January 27

Why Active Listening Skills Are Not Empathetic Listening Skills

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Salespeople have heard about the importance of active listening skills for years. They’ve attended sales training workshops where the expert in front of the room told them to read and relate to their prospects and customers. (Just what does that mean anyway?)

Salespeople are told to listen more than they speak.

They learn great discovery questions.

However.

Many sales meetings end up being superficial, transactional sales conversations instead of deeper, relationship building conversations. Why?

Sales professionals often confuse active listening skills with empathetic listening skills.

A salesperson demonstrating active listening skills is able to repeat back what a prospect or customer said.

A salesperson demonstrating empathetic listening skills is able to repeat back what a prospect or customer is feeling.

That’s a big difference.

Repeating back what a person has said is not empathy.

Empathy is stating what a person is thinking or feeling. And often human beings don’t state what they are thinking or feeling because they aren’t in tune with what they are thinking or feeling.

They are busy.

They don’t have time OR they don’t take the time to check in with themselves.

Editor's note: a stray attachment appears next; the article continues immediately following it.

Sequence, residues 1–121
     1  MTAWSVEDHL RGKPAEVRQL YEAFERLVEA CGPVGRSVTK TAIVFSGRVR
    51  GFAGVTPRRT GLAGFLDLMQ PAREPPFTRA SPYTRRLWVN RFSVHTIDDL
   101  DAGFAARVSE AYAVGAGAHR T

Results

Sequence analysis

So, when a salesperson can express the unspoken thoughts and feelings of another person, a deep level of connection happens. The prospect thinks, “Wow, this person really gets me…they understand my world.”

 For example, a salesperson that works in the human resource space might say something like, “Ms. Prospect, you haven’t mentioned this, however, you might be wondering if your work culture is going to create the great resignation or the great designation. Would that be of value to discuss?”   

Prospects and customers want to do business with get them and understand their situation, challenges and aspirations.

You can’t add value to a conversation or share “your smarts” if you don’t have a clue as to what is important to your prospect or customer.

Active listening skills confirm what we have heard.

Empathetic listening skills demonstrate that you’ve heard what the prospect or customer is thinking or feeling.

Good Selling!


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